Conclusions

The results provide evidence that legalizing medical marijuana improved workplace safety for workers aged 25–44. Further investigation is required to determine whether this result is attributable to reductions in the consumption of alcohol and other substances that impair cognitive function, memory, and motor skills.”

https://www.sciencedirect.com/science/article/pii/S0955395918301968

“Workplace Deaths Drop After States Legalize Medical Marijuana”  https://www.marijuanamoment.net/workplace-deaths-drop-after-states-legalize-medical-marijuana/

“Medical Marijuana States Have Lower Rates Of Workplace Death, According To New Study” https://www.civilized.life/articles/medical-marijuana-states-have-lower-rates-of-workplace-death-according-to-new-study/

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Cannabidiol for treating drug-resistant epilepsy in children: the New South Wales experience.

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“To evaluate the tolerability and safety of cannabidiol for treating drug-resistant epilepsy in children, and to describe adverse events associated with such treatment.

The caregivers of 12 children felt the overall health of their children had much or very much improved; clinicians assessed seven children as being much or very much improved.

Cannabidiol as an adjunct treatment had some subjective benefit for overall health, with a manageable adverse event profile.”

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Glial Endocannabinoid System in Pain Modulation.

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“Pain is affecting the human for centuries and there still is no satisfactory strategy for patients suffering pain particularly chronic pain although intensive studies about its mechanism have been performed in order to improve the treatment of pain.

Cannabinoid is a group of chemicals extracted from plants and has a long history in treating pain through the endogenous cannabinoid receptor in the body, however, its application in pain treatment is limited due to its inverse effects.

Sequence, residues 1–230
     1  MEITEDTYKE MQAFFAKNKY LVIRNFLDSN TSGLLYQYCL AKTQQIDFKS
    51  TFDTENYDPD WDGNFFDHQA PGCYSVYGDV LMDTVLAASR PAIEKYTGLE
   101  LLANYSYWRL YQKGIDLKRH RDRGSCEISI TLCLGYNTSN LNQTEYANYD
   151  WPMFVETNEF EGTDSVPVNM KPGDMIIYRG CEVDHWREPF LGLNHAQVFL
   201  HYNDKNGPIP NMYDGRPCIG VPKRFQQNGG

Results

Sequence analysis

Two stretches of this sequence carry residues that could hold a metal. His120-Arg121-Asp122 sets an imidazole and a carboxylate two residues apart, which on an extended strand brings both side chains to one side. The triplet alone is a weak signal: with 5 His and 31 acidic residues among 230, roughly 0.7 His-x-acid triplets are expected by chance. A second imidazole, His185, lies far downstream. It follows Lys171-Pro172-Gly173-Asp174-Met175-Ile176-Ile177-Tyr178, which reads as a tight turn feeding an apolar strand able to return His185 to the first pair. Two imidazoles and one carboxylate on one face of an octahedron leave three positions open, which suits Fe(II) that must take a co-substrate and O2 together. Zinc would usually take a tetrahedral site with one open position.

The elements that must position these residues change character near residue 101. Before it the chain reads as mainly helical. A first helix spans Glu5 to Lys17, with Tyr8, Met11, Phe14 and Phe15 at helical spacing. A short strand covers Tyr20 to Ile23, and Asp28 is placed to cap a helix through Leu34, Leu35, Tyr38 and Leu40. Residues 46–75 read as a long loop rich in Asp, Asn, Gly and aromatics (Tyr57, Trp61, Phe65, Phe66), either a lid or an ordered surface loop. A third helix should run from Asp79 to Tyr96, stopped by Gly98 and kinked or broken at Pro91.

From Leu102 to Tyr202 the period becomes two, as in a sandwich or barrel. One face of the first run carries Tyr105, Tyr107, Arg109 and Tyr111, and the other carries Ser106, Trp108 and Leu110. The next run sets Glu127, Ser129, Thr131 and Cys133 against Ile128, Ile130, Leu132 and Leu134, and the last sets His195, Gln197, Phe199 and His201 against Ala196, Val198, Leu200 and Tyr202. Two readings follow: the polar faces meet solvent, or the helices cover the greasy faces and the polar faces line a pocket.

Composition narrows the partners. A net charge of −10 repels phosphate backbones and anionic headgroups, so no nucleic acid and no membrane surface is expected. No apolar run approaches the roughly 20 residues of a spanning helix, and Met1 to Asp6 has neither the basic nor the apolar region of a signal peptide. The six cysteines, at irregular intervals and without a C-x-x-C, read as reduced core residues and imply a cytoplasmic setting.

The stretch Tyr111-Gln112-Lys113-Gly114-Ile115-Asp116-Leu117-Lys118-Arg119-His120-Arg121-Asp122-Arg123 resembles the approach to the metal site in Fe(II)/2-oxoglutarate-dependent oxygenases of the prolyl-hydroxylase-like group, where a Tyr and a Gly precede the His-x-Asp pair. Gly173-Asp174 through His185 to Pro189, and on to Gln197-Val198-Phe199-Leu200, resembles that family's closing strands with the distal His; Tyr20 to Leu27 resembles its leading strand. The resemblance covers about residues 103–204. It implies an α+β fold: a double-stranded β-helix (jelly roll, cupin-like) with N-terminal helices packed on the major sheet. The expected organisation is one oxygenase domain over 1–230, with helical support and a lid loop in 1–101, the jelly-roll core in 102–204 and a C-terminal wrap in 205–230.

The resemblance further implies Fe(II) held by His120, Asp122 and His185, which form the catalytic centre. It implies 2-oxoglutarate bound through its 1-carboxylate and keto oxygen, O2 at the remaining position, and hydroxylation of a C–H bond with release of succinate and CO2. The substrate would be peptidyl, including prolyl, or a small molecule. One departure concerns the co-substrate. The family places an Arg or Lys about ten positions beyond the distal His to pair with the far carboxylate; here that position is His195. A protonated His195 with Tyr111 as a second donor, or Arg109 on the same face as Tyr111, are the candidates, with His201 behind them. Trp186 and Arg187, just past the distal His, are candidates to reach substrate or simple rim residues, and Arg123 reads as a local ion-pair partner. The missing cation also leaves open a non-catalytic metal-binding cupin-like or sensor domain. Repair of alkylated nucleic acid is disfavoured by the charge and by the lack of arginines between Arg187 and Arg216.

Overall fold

Recent studies have indicated that glial cells play critical role in mediating pain processing through multiple pathway, including excitatory and inhibitory neurotransmission in different levels of the nervous system.

Furthermore, the glial cells are found to express cannabinoid receptors.

This review summarized the recent studies about the cannabinoid system in glial cells, which may provide some insight for the studying of pain.”

https://www.ncbi.nlm.nih.gov/pubmed/30084280

https://www.tandfonline.com/doi/abs/10.1080/00207454.2018.1503178

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Neuronal preservation and reactive gliosis attenuation following neonatal sciatic nerve axotomy by a fluorinated cannabidiol derivative.

Neuropharmacology

“Immature peripheral nervous system damage, such as the transection of a peripheral nerve, results in the extensive degeneration of motoneurons and dorsal root ganglia (DRG) sensory neurons, mostly due to apoptotic events.

We have previously shown that cannabidiol (CBD), the most abundant non-psychotropic molecule present in the Cannabis sativa plant, exhibits neuroprotective action when administered daily at a dose of 15 mg/kg.

This study shows that use of the fluorinated synthetic version of CBD (4′-fluoro-cannabidiol, HUF-101) significantly improves neuronal survival by 2-fold compared to that achieved with traditional CBD at one-third the dose. Furthermore, we show that HUF-101 administration significantly upregulates anti-apoptotic genes and blocks the expression of pro-apoptotic nuclear factors.

Two-day-old Wistar rats were subjected to unilateral sectioning of the sciatic nerve and treated daily with HUF-101 (1, 2.5, 5 mg/kg/day, i.p.) or a vehicle solution for five days.

The results were evaluated by Nissl staining, immunohistochemistry, and qRT-PCR. Neuronal counting revealed a 47% rescue of spinal motoneurons and a 79% rescue of DRG neurons (HUF-101, 5 mg/kg). Survival was associated with complete depletion of p53 and a 60-fold elevation in BCL2-like 1 gene expression.

Additionally, peroxisome proliferator-activated receptor gamma (PPAR-gamma) gene expression was downregulated by 80%. Neuronal preservation was coupled with a high preservation of synaptic coverage and a reduction in astroglial and microglial reactions that were evaluated in nearby spinal motoneurons present in the ventral horn of the lumbar intumescence.

Overall, these data strongly indicate that HUF-101 exerts potent neuroprotective effects that are related to anti-apoptotic protection and the reduction of glial reactivity.”

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Targeted inhibition of the type 2 cannabinoid receptor is a novel approach to reduce renal fibrosis.

Kidney International Home

“The cannabinoid receptor type 2 (CB2) is a G protein-coupled seven transmembrane receptor that transmits endogenous cannabinoid signaling. The role of CB2 in the pathogenesis of kidney injury and fibrosis remains poorly understood.

Here we demonstrate that CB2 was induced, predominantly in kidney tubular epithelium, in various models of kidney disease induced by unilateral ureteral obstruction, adriamycin or ischemia/reperfusion injury.

By using in silico screening and medicinal chemistry modifications, we discovered a novel compound, XL-001, that bound to CB2 with high affinity and selectivity and acted as an inverse agonist. Delayed administration of XL-001 was also effective in ameliorating kidney fibrosis and inflammation.

Thus, CB2 is a pathogenic mediator in kidney fibrosis and targeted inhibition with the novel inverse agonist XL-001 may provide a strategy in the fight against fibrotic kidney diseases.”